NAPLEX Question of the Week: Analyzing Antiepileptic Drugs

This week's question assesses your skills with antiepileptic drugs.
NAPLEX Question of the Week: Analyzing Antiepileptic Drugs
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JP is a 25-year-old male with a history of seizures. His physician would like your help in determining the appropriate regimen for JP to prevent further episodes. In choosing an appropriate drug you consider things like mechanism of action, side effects, drug interactions, allergies, and cost.  Which of the following proposed drug-mechanism of action pairs are correctly matched? Select all that apply.

A. Vimpat – slows inactivation of voltage gated sodium channels

B. Phenytoin – blockage of voltage gated sodium channels

C. Depakote – slows inactivation of voltage gated sodium channels and increases GABA concentrations 

D. Keppra – GABA receptor agonist

E. Zarontin – GABA receptor agonist

Answers with rationale: 

Seizures are bursts of abnormal and uncontrolled electrical activity in the brain. They can manifest in different ways and can include episodes of unconsciousness and jerking movements. To prevent seizures from recurring, maintenance medications are often taken by patients long-term to keep their episodes to a minimum. When choosing a medication for a patient, mechanism of action is important to consider. For example, if a patient has tried and failed a sodium channel blocker, it might be time to try a calcium channel blocker or something that increases the levels of GABA (the major inhibitory neurotransmitter). Many antiepileptic drugs' mechanism(s) of action has not been fully elucidated. However a primary proposed mechanism is postulated based on current evidence.

Brand/Generics covered: Vimpat/Lacosamide; Dilantin/Phenytoin; Depakote/Valproic acid; Keppra/Levetiracetam; Zarontin/Ethosuximide

Choice A is correct. Vimpat or lacosamide is a sodium channel blocker. Sodium channel blockers work because they reduce the rate of depolarization and firing of the action potentials created by sodium, decreasing the release of uncontrolled “bursts” of activity in the brain.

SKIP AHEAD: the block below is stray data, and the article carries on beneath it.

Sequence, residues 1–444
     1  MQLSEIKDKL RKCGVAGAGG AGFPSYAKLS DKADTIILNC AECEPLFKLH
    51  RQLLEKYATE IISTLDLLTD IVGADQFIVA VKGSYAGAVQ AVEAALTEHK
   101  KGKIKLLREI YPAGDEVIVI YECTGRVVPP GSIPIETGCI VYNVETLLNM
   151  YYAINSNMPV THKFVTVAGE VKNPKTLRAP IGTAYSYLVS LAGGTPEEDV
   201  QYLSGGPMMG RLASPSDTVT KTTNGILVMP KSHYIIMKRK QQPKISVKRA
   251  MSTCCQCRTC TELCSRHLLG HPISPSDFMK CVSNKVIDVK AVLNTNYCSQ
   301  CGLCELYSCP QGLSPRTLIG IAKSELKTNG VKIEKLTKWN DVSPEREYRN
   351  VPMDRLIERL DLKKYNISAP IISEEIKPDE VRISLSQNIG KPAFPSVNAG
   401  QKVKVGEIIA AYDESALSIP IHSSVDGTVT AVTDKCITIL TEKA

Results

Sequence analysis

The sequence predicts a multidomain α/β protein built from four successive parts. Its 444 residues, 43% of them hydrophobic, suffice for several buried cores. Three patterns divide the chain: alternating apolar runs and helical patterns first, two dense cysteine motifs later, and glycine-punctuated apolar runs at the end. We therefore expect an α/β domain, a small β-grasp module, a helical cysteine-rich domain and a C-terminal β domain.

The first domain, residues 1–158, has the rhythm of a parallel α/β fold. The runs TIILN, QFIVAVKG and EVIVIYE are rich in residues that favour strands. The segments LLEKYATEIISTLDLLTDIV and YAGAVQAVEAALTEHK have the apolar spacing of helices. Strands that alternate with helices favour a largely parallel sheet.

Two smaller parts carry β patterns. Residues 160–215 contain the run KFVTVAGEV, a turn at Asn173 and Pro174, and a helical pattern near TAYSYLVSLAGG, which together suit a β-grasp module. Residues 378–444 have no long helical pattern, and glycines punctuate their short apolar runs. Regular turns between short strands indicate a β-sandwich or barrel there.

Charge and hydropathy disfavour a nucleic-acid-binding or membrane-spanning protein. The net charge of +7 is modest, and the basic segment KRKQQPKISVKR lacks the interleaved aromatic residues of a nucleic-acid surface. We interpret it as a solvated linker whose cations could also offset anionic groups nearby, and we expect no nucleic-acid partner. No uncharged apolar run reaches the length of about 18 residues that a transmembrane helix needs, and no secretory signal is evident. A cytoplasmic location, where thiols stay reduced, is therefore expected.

Choice B is also correct as phenytoin or Dilantin is also a sodium channel blocker. Sodium channel blockers work because they reduce the rate of depolarization and firing of the action potentials created by sodium, decreasing the release of uncontrolled “bursts” of activity in the brain.

Choice C is correct. Depakote or valproic acid increases the levels of GABA in the brain and also works through sodium channels. This is effective because GABA is the major inhibitory neurotransmitter in the brain, helping to decrease the uncontrolled activity seen in seizures.

Choice D is incorrect. Keppra or levetiracetam does not act on glutamate receptors. Instead, it binds to SV2A and prevents the release of glutamate (the major excitatory neurotransmitter) from vesicles.

Choice E is also incorrect as Zarontin or ethosuximide is a T-type calcium channel blocker. Calcium channels are also involved in the firing of electrical bursts in the brain like sodium channels. By blocking these, it decreases the uncontrolled firing and reduces the occurrence of seizures.

Therefore the correct answers are A, B, and C. 

NAPLEX Competencies Covered:

Area 2: Identify Drug Characteristics 

2.1 Pharmacology, mechanism of action, or therapeutic class

2.2 Commercial availability; prescription or non-prescription status; brand, generic, or biosimilar names; physical descriptions; or how supplied 

Our latest NAPLEX Review Guide on Access Pharmacy has a chapter for antiepileptic drugs:

NAPLEX Review Guide (4th edition): https://accesspharmacy.mhmedical.com/content.aspx?bookid=3025&sectionid=254103386.

Have a great weekend!

Dr. B

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